Revealed from the layers of social nuances and scenes of New Delhi lives are the deeply disturbing truths of a man-eat-man world: You eat or get eaten up. As befit to the beastly allusion of the title, humans are metaphorized as animals that struggle to survive:

“Go to a teashop anywhere along the Ganga, sir, and look at the men working in that teashop—men, I say, but better call them human spiders that go crawling in between and under the tables with rags in their hands, crushed humans in crushed uniforms…” [43]

To deal a heavier blow on the imbecile post-colonial government, Balram equates the most corrupted and depraved politicians, those who would do whatever it takes, even to kill some along the way to reach the top, as wild animals that attack and rip each other apart.

“—the day the British left—the cages had been let open; and the animals ripped each other apart and the zoo became a jungle.” [54]

Small people—the forgotten, the stricken, the unprivileged, the impecunious, and the homeless are caught between power struggles of political struggles. They are trapped in the vicious cycle that usually renders their lives even more miserable. They are like wounded stray dogs:

“A pink patch of skin—an open wound—glistened on its left shank; and the dog had twisted on itself in an attempt to gnaw at the wound. The wound was going crazy from pain—trying to attack the wound with its slavering mouth, it kept moving in mad, precise, pointless circles.” [213]

Through Balram’s eyes, we see India as we have never seen it before: the cockroaches, the prostitutes, and the worshippers of multiple gods, which don’t create morality. Trapped in so many kinds of cages that escape is almost impossible is the white tiger—nickname given to Balram for his merit in school. Soon he realizes money cann’t solve all the problems, but at least he could make the leap from darkness into light, which, paradoxically, is darker than darkness. The White Tiger is a well-written book of our time. Its amoral and irreverent themes are authentically contemporary in a world shaped by massive globalization.

Other Reviews:
Book Crazy
The Mookse and the Gripes
Tuesday in Silhouette

White Tiger? Booker Prize?

Book review: [164] White Tiger, Aravind Adiga

Despite critics from all over are shocked at Aravind Adiga’s surprise winning of the Book Prize, I have taken up The White Tiger. Eileen Battersby at the Irish Times comments about his “surprise victory” of winning the award for this novel. She further notes that Adiga’s win “left the literary establishment gasping, perhaps even bewildered.” Whether the book is crude and opportunistic as Miss Battersby has deemed, it is definitely an eclectic read, I mean, somewhat weird.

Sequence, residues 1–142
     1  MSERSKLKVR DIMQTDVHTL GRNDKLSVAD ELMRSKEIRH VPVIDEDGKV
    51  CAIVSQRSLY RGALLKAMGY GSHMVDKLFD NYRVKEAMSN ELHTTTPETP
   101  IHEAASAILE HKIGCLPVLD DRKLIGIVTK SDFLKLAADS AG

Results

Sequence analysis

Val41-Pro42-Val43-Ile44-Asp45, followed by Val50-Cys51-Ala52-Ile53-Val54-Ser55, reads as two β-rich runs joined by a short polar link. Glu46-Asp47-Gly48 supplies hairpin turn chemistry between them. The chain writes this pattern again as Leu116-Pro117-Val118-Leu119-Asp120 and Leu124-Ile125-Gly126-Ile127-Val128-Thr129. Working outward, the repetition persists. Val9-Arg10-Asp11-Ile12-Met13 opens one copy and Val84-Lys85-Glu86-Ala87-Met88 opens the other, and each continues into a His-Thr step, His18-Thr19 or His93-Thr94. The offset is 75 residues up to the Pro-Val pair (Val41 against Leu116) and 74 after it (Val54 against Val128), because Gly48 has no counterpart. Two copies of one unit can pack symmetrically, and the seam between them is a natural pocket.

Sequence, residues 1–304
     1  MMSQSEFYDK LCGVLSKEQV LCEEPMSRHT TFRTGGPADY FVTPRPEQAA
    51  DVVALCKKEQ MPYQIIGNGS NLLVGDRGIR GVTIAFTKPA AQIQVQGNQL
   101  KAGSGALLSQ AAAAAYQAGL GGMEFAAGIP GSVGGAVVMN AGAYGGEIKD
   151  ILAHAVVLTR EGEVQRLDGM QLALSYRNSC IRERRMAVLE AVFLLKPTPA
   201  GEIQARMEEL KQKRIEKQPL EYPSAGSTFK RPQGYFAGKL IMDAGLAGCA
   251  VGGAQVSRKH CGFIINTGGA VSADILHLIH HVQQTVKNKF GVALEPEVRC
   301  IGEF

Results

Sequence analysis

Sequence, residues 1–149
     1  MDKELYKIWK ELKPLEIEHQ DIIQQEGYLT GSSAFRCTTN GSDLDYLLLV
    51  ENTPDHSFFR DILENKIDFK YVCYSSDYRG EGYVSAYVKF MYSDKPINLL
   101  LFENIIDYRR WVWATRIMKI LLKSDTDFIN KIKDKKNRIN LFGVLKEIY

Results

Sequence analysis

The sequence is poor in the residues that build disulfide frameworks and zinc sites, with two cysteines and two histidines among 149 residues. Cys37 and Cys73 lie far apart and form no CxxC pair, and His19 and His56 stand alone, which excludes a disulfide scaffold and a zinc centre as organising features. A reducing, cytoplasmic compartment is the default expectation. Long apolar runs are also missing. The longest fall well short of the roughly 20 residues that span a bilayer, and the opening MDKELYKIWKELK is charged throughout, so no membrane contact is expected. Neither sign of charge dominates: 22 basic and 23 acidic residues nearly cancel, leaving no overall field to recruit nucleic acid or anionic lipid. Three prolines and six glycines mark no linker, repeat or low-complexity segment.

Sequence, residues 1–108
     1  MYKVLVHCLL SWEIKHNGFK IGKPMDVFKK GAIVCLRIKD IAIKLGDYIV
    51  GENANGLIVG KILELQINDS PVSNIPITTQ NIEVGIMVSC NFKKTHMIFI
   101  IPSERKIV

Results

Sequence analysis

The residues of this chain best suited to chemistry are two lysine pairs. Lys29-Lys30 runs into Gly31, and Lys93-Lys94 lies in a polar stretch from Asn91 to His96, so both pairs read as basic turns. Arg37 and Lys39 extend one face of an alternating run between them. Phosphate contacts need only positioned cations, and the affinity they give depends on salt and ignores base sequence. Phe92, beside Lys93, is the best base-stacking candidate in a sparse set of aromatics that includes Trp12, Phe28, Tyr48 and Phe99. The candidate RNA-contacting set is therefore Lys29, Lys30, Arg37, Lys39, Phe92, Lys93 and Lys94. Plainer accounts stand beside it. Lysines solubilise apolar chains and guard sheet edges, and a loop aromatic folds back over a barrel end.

Balram Halwai tells the transfixing story, which is meant for Chinese Premier (god knows why) Wen Jaobao, of how he came to the success in life with his own wits. But he is a murderer who cuts off his employer’s neck. He recovers his story over seven nights under this preposterous chandelier that barely fits his room. Anyway, when he was a boy, his family took out a huge loan to finance his cousin’s wedding. Taken out of school he had to break coals for a living. being the brightest kid in school, he was dubbed the White Tiger:

The inspector pointed his cane straight at me. “You, young man, are an intelligent, honest, vivacious fellow in this crowd of thugs and idiots. In this jungle, you are the rarest of animals—the creature that comes along only once in a generation.”
He paused.
“The white tiger.” [30]

Adiga’s message isn’t subtle or novel, but Balram’s appealingly sardonic voice and acute observations of the social order are very unsettling. So far it’s a bit weird and shaky. Booker Prize?

The Short List:
Aravind Adiga The White Tiger (Atlantic)
Sebastian Barry The Secret Scripture (Faber and Faber)
Amitav Ghosh Sea of Poppies (John Murray)
Linda Grant The Clothes on Their Backs (Virago)
Philip Hensher The Northern Clemency (Fourth Estate)
Steve Toltz A Fraction of the Whole (Hamish Hamilton)

[118] The Gospel According to Jesus Christ – Jose Saramago


Saramago deftly embraces historical facts, myth and reality and juggles them in this extraordinarily fictitious account of Jesus Christ. The novel is an in-depth psychological portrait of a savior who possesses a touch of humanity so much more substantial than the Bible claims. Jesus who is at once the Son of God, the beginning and the end, men’s destiny, and a young man of the earth is an interweaving of letters, irony, spirituality, irreverence, humanity, and foible.

The novel hinges on the fact that Jesus’ father, Joseph of Nazareth, out of cowardice and selfishness of the heart, failed to alert the parents that King Herod had issued a decree to kill boys under the age of 3. He could have spared the lives of 27 children had he spoken up. Joseph felt the scruple of running off to save his own son but had forfeited the lives of others. The guilt he felt was exactly guilt a man may feel without having sinned or committed the actual crime himself. It was the sin of omission.